4. Come join us at the 30th annual United Bowhunters of Missouri Festival. This family-friendly event has something for everyone; seminars, auctions, vendors, raffles, food and a whole lot more! Come learn about falconry, 3D target repair, flight archery and hunting mountain goats in British Columbia. Try to win a custom Black Widow bow (a $1000 value) and stay for the banquet to hear guest speaker, Dean Derby, talk about hunting Colorado's Big Ten with a stick and string. This is a a great event for the hardcore hunter and someone who is just thinking about getting into the sport. A good time is guaranteed and you'll be surrounded by some of the finest folks on the planet! Festival Registration Info Schedule Of Events Facebook Event Page Black Widow Bow Raffle Tickets Darren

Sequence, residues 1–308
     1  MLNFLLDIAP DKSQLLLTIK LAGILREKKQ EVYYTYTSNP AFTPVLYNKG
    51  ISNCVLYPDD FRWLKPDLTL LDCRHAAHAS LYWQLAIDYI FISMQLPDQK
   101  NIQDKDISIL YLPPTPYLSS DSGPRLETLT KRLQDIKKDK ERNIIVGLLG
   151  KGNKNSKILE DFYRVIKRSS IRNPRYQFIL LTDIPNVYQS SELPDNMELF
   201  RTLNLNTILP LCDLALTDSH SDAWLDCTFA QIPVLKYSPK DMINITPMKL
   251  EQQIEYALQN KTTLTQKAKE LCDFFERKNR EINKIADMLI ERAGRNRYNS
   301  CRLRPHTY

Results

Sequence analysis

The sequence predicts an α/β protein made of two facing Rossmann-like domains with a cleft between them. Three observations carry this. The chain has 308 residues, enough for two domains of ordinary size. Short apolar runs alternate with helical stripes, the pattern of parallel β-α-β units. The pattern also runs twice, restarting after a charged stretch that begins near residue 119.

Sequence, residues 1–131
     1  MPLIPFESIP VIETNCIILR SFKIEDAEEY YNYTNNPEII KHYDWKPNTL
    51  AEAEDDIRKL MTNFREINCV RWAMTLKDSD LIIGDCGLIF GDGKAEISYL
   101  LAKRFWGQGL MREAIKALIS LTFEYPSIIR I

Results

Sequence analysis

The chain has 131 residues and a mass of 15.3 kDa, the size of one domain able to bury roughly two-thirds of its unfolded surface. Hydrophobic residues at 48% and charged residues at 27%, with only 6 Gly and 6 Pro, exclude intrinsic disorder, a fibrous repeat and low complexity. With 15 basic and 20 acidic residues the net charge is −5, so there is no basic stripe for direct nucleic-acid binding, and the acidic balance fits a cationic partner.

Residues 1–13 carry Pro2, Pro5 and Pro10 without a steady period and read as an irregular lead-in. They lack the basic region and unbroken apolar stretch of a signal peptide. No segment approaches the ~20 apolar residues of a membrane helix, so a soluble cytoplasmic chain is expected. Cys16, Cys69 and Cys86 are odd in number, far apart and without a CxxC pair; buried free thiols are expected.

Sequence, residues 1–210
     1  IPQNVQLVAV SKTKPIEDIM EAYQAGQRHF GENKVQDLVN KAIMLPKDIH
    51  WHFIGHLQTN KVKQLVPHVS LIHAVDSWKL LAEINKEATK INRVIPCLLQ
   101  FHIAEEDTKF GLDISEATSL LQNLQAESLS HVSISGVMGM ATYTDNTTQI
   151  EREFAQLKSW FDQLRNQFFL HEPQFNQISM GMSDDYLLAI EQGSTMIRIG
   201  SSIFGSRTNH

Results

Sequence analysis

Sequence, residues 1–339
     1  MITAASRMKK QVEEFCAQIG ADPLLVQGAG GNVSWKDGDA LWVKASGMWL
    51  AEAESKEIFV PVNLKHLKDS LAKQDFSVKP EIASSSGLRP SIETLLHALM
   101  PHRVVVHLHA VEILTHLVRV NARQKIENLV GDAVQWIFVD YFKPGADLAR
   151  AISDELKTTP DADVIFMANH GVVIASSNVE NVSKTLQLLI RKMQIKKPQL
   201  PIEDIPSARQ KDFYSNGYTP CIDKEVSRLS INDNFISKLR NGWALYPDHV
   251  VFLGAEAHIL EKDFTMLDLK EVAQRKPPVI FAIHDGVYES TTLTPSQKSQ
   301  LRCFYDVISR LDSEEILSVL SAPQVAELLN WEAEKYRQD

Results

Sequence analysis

5. For the past month I have not been able to post any pictures. I click on the the "Insert other media" drop down and then pick "Insert image from URL". A dialog box appears but the busy icon just spins and spins and spins. Any ideas about what is causing this? I am using Google Chrome as my browser. Another thing I've noticed recently is that folks, including me, are getting double posts. You post something on a thread and it shows up twice. What's up with that? Darren
  6. He did a nice job! Darren
  7. He did a nice job! Darren
  8. Right back at you! Darren
  9. Right back at you! Darren
  10. Congratulations! He looks like he'll be good eating. Darren
  11. Congratulations! He looks like he'll be good eating. Darren
  12. Good for you! Glad you got some meat. Darren
  13. Good for you! Glad you got some meat. Darren